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Thomas is a sellout, not a hero, for black Americans

In his column ["Black community needs a leader like Thomas," Oct. 18], with points patched together like pieces in a hand-sewn quilt, Jae H. Nam '93 argued that the black community, "a community in search of identity," should look towards Clarence Thomas as a strong leader who can instill a "sense of pride" in his people. Unfortunately, while Nam had the insight and bravery to identify some of the problems facing blacks in American today, his solution to those problems is simplistic and ignores the roots of the problems themselves.

First, black Americans are not facing an identity crisis, and

I cannot make that assertion strongly enough. Contrary to what Nam thinks, blacks are not learning how to be black from television sets or Black Acting School. The problem is not that blacks lack identity; the problem is that Black-American culture is frowned upon by the mainstream into which it is forced to fit. While whites have propagated their culture and many other ethnic groups have assimilated to their satisfaction, blacks have actively fought against such cultural dilution. The gold, fancy cars, and nice clothes that are sought by many black youths are indicative of misplaced values that are ill-representative of blacks as

a whole. But American media seems to enjoy promoting this image to mainstream America, and Nam seems to have picked up on it rather well. No, these material items are not "the substance of success." But, then again, neither are the achievements of Clarence Thomas.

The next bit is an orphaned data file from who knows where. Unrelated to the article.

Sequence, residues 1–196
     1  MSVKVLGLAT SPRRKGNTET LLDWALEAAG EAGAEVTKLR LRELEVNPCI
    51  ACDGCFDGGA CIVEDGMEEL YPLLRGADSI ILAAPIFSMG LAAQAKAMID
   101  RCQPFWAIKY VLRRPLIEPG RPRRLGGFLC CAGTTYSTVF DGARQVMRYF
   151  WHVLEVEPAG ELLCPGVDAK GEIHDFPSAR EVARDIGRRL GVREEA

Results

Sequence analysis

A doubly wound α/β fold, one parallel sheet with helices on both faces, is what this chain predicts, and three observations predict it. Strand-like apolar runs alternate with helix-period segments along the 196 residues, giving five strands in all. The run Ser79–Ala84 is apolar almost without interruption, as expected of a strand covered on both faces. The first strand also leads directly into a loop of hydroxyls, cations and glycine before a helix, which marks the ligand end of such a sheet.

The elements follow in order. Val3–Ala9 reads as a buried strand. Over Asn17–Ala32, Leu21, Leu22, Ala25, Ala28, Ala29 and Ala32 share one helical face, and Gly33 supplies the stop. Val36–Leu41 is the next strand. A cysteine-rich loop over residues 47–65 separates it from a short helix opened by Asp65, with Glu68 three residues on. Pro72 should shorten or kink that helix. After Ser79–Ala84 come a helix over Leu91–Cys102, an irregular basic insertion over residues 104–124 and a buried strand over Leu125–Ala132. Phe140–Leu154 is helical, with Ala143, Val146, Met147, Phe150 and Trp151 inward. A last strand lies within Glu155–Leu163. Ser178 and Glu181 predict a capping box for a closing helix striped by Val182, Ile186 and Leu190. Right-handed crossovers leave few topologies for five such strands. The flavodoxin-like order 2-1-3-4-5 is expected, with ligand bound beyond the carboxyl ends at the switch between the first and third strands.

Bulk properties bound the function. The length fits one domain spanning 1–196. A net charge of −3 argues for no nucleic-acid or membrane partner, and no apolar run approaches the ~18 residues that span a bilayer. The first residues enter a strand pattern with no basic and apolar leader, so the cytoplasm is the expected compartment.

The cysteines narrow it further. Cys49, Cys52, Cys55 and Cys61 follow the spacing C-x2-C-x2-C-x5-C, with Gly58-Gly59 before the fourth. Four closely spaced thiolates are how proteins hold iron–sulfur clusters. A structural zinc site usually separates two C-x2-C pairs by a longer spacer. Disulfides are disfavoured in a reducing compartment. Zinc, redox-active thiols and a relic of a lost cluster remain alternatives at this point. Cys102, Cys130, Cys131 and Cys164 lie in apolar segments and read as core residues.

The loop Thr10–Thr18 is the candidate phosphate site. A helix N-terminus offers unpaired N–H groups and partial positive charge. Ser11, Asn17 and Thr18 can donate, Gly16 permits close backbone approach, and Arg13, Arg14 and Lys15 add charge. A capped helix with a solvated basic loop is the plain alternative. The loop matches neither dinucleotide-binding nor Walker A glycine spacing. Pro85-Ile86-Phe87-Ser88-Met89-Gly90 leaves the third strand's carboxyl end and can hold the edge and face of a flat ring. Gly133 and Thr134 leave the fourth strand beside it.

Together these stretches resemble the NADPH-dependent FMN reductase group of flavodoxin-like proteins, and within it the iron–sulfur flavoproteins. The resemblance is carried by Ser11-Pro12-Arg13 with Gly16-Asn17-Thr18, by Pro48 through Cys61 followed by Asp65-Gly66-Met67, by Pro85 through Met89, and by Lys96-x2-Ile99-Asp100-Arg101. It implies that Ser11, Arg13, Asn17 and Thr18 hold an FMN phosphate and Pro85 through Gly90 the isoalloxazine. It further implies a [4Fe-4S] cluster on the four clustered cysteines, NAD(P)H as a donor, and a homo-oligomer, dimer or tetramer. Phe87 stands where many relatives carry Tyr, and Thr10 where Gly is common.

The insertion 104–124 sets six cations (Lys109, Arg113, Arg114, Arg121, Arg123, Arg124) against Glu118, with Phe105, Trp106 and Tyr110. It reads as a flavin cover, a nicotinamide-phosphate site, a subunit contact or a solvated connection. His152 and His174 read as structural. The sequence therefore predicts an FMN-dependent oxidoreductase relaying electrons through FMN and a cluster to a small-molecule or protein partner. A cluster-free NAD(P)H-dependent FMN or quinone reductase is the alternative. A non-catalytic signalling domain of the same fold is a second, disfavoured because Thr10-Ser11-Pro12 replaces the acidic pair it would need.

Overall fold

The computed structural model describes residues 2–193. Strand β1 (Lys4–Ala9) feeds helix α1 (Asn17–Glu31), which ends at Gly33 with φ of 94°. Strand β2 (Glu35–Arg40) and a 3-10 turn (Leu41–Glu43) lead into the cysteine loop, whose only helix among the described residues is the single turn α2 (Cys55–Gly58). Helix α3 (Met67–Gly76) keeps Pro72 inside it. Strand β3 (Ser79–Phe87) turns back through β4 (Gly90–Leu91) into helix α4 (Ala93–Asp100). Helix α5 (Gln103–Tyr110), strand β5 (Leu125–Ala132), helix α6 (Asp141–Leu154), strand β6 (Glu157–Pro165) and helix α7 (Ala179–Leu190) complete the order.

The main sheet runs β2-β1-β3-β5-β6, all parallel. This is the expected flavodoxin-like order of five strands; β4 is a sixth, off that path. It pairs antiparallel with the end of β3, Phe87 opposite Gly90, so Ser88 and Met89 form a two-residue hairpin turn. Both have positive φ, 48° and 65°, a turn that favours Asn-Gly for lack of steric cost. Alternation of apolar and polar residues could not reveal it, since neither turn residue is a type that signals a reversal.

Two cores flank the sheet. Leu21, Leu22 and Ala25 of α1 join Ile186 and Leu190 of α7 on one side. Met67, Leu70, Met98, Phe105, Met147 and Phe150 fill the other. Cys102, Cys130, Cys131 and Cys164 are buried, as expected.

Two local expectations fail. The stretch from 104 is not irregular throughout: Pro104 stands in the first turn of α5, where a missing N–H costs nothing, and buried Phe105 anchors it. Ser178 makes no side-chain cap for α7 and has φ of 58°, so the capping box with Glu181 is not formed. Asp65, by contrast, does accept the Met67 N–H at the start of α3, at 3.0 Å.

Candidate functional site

The story that everyone loves to tell about Clarence Thomas is that of a poor, downtrodden Negro from Georgia who worked hard and overcame insurmountable obstacles to eventually become a Supreme Court justice. But while I am happy that Thomas was able to overcome adversity, I do not think that he was exactly at the greatest depths of despair. If you are one of thousands of young blacks who must lie, run, duck, hide, fight, and perhaps even kill just to stay alive, it is hard to believe that Clarence Thomas knows hard times.

If every government authority that you've ever known, from employers to school-teachers to your friendly neighborhood police officer gives you negative feedback, Clarence Thomas is a sellout, not a hero. That Nam can expect blacks nationwide to forget their correct ideologies and make an about-face in beliefs to follow Thomas is absurd. Thomas has done nothing for the black community, and there is no indication that he will bring us anything but grief. Thomas' is simply another case of a black who, because of having views

in line with those of the power structure, was able to reap some personal benefit and given some status. It is by no means a success story.

My father once told me that a great man does not become great by doing great things for himself. Hence, Clarence Thomas will be no leader of mine, thank you.

If Nam believes that Thomas is such a great guy, then he can follow Thomas to Washington and back, because I don't have time to think about who would make a great leader for our community; I must concentrate on becoming one.

Chip Morton '93->